Using spectroscopic radial velocities with the Apache Point Observatory Galaxy Evolution Experiment (APOGEE) instrument and Gaia distance estimates, we demonstrate that Kepler-503b, currently considered a validated Kepler planet, is in fact a brown-dwarf/low-mass star in a nearly circular 7.2-day orbit around a subgiant star. Using a mass estimate for the primary star derived from stellar models, we derive a companion mass and radius of 0.075 ±0.003 M o (78.6 ± 3.1 M Jup) and ( R Jup), respectively. Assuming that the system is coeval, the evolutionary state of the primary indicates the age is ∼6.7 Gyr. Kepler-503b sits right at the hydrogen-burning mass limit, straddling the boundary between brown dwarfs and very low-mass stars. More precise radial velocities and secondary eclipse spectroscopy with the James Webb Space Telescope (JWST) will provide improved measurements of the physical parameters and age of this important system to better constrain and understand the physics of these objects and their spectra. This system emphasizes the value of radial velocity observations to distinguish a genuine planet from astrophysical false positives, and is the first result from the Sloan Digital Sky Survey (SDSS)-IV monitoring of Kepler planet candidates with the multi-object APOGEE instrument.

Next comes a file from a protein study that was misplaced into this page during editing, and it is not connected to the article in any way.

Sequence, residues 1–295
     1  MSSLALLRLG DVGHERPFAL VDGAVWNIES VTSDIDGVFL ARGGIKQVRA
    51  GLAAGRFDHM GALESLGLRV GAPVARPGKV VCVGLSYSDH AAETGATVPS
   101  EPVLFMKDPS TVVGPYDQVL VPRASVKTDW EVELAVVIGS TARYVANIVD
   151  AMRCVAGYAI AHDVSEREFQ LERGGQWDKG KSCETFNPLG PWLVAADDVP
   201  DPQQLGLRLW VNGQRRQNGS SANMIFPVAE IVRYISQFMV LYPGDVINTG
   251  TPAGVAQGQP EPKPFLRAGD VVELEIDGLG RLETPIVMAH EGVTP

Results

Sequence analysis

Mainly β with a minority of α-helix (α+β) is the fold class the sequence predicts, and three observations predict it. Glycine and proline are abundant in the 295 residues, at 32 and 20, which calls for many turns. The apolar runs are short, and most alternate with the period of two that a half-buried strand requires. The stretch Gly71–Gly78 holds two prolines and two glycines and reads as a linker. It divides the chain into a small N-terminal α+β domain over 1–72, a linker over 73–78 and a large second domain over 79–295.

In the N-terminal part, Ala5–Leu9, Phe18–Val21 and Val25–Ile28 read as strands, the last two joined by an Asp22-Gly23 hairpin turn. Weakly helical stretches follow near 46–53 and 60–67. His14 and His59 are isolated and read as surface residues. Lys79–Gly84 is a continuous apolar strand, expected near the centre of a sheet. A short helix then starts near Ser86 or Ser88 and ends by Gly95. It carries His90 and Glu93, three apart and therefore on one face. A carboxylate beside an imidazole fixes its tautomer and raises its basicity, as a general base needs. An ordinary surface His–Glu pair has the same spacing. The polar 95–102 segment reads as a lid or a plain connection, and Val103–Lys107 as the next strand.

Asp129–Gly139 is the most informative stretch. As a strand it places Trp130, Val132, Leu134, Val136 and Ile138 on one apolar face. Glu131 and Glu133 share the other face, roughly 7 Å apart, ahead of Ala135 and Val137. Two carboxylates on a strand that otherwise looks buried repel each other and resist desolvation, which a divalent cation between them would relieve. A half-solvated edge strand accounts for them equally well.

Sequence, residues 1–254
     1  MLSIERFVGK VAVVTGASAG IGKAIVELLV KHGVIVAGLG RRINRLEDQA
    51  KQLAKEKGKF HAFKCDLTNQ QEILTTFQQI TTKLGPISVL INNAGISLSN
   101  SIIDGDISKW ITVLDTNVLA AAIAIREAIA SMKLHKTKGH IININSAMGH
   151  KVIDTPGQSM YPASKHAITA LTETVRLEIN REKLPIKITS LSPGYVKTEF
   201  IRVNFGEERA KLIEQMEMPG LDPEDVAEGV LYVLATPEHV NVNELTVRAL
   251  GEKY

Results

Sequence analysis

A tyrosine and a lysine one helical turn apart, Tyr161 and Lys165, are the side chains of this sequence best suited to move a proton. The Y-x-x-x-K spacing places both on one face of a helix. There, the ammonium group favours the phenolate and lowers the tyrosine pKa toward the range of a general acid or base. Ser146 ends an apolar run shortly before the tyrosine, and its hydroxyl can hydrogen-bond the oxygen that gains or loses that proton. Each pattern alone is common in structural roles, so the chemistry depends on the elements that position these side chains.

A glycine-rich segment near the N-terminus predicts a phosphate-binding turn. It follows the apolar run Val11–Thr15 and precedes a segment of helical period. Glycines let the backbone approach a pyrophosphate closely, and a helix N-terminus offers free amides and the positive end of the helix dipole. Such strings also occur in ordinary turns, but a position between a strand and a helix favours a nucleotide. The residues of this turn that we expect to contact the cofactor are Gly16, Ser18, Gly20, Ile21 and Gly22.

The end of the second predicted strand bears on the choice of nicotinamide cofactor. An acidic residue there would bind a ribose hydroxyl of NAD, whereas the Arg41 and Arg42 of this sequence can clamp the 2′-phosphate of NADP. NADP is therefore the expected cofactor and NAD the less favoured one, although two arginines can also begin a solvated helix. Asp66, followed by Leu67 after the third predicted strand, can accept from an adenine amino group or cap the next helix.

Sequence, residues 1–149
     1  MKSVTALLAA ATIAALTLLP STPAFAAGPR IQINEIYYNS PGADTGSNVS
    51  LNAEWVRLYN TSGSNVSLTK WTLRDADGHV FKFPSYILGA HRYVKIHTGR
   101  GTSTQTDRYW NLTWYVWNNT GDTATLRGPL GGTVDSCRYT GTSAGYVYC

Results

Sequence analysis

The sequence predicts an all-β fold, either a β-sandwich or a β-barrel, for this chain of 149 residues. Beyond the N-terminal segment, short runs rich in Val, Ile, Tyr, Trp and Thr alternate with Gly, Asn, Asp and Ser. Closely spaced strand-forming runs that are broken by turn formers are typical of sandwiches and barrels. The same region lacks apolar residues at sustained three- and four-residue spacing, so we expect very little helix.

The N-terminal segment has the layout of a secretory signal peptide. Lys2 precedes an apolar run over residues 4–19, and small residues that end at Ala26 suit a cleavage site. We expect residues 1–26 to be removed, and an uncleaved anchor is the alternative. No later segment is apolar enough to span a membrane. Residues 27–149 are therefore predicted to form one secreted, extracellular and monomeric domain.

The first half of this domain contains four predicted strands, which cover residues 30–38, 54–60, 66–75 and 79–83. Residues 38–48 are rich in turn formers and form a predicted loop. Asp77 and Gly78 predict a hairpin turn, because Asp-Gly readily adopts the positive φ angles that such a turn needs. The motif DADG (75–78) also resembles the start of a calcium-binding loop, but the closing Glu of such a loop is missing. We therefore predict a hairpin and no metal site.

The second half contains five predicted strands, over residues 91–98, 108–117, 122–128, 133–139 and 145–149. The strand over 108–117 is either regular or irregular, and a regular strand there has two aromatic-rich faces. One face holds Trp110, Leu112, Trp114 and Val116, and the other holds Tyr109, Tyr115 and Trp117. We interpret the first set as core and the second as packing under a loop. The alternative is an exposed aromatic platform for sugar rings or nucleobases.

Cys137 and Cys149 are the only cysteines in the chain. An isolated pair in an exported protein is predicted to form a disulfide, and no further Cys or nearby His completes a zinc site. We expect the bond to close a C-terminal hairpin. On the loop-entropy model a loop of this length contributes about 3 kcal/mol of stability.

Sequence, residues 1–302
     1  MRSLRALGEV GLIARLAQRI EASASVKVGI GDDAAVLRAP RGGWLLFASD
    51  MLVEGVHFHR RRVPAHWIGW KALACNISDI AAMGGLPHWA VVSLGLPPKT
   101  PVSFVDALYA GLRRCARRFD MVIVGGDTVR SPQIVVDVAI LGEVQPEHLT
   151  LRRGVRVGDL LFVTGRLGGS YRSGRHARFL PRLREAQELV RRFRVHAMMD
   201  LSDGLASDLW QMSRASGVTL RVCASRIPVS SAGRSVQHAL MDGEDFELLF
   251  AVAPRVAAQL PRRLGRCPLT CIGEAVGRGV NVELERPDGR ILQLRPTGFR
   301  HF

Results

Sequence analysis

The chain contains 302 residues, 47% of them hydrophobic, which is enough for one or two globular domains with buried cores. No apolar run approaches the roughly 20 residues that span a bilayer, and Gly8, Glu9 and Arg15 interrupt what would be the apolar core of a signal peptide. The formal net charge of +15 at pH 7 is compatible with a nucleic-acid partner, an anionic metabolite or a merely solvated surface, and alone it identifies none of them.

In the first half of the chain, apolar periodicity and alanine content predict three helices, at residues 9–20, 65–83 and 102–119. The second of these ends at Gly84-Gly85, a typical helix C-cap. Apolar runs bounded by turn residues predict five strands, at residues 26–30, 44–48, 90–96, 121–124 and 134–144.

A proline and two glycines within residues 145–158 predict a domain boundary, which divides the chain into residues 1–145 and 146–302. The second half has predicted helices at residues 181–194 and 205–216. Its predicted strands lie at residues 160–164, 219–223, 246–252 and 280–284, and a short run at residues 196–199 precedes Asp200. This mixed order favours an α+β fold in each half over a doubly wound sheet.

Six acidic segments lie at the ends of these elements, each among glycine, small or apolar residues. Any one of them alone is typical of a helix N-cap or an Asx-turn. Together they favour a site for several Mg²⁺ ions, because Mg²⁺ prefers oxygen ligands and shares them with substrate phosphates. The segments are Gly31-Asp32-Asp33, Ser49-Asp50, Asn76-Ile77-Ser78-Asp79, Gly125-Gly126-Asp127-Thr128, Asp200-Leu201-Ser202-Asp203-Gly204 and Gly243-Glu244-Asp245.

All Science Journal Classification (ASJC) codes
- Astronomy and Astrophysics
- Space and Planetary Science